Effect of chronic insulin administration on food intake and body weight in rats

Marie B. Destefano, Judith S. Stern, Thomas W. Castonguay

Research output: Contribution to journalArticlepeer-review

20 Scopus citations


Insulin was chronically administered to rats to determine its effect on the daily changes in food intake and body weight. Animals received regular insulin via 14-day osmotic minipumps in doses of 0.0, 0.5, 1.0, 3.0, and 5.0 IU/day treated either with (+GLU) or without glutamic acid (-GLU). Previous studies have shown that glutamic acid prevents insulin aggregation in the minipumps to provide a more stable flow rate. Food intake and body weights were measured each day of treatment. Chronic insulin treatment was ineffective in promoting changes in animals receiving any dose of insulin except the highest dose. Animals receiving 5.0 IU/day insulin +GLU experienced a transient hyperphagia and weight gain followed by a suppression in food intake and body weight by Day 4 of treatment. Effects were attenuated in animals receiving insulin -GLU. Plasma insulin concentrations on Day 14 were similar for all doses, suggesting a compensation took place either in insulin degradation or endogenous insulin production. Results indicate that glutamic acid treatment enhances the effects of chronic insulin administration via osmotic minipumps.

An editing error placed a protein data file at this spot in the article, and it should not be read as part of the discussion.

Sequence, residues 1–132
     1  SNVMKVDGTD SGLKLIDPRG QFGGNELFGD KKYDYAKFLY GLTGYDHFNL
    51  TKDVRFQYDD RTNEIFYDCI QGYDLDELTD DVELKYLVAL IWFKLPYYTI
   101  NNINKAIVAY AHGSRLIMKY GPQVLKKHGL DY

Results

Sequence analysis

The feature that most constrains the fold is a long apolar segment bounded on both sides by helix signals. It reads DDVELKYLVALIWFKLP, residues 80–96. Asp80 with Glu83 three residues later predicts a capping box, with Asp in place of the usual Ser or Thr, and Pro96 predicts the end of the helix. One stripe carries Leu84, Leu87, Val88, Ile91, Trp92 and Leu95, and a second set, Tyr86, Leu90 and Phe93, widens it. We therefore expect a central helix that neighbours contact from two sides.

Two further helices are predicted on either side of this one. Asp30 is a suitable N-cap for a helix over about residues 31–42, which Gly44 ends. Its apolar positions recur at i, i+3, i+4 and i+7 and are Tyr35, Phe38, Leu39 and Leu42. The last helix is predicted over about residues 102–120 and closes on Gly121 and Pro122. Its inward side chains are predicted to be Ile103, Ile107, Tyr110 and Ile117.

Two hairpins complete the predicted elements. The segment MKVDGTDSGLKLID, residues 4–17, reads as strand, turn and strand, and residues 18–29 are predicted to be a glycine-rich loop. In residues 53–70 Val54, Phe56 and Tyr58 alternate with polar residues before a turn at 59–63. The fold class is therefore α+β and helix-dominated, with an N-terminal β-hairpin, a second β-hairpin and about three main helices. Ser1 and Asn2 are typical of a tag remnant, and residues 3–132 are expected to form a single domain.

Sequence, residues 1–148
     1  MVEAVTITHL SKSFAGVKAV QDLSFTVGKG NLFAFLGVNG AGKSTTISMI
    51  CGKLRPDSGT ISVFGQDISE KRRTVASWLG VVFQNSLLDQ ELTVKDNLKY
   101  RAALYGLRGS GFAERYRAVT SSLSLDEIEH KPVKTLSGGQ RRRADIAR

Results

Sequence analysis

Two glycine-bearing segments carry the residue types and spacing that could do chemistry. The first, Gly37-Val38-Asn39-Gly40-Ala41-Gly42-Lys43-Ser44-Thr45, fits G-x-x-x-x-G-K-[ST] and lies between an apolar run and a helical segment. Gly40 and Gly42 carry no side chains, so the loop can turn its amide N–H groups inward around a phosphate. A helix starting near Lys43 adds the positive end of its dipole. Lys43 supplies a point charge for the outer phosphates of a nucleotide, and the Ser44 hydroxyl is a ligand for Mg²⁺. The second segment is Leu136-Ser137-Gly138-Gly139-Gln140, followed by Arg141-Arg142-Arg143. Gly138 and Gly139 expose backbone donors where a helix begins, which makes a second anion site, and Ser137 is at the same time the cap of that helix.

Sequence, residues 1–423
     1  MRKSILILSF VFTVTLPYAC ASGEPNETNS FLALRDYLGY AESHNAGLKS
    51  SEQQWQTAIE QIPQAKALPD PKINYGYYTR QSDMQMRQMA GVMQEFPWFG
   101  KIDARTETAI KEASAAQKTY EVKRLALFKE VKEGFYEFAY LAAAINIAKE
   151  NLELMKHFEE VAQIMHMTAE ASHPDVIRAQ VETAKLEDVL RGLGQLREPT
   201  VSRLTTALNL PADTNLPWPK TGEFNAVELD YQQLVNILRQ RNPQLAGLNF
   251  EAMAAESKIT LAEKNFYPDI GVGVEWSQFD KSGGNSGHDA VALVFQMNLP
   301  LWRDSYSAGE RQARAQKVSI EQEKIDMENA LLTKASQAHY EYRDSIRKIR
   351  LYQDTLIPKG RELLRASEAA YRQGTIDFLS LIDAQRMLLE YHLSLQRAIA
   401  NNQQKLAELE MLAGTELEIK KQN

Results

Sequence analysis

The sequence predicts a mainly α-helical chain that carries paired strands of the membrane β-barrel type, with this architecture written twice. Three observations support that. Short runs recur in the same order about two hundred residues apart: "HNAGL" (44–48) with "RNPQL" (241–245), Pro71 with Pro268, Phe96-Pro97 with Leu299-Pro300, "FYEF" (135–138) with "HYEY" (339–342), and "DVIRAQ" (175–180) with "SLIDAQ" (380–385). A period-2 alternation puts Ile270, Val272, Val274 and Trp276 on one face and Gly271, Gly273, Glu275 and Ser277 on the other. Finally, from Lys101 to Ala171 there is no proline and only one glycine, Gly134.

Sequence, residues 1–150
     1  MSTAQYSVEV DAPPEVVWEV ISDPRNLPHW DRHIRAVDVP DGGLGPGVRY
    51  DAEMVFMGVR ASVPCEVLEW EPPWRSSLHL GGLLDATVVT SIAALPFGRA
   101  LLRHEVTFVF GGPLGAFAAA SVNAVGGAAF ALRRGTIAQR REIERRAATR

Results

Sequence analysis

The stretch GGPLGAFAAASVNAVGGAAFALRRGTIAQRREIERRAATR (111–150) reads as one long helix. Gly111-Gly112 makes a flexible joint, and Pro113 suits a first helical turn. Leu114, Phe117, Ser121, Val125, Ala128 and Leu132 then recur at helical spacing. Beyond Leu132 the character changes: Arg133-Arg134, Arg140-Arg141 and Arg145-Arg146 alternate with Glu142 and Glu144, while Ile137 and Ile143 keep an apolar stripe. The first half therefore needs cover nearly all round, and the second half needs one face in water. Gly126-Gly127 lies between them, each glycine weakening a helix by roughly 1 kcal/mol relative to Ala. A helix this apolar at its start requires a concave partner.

Original languageEnglish (US)
Pages (from-to)801-806
Number of pages6
JournalPhysiology and Behavior
Issue number4
StatePublished - 1991


  • Body composition
  • Body weight
  • Food intake
  • Insulin

ASJC Scopus subject areas

  • Physiology (medical)
  • Behavioral Neuroscience


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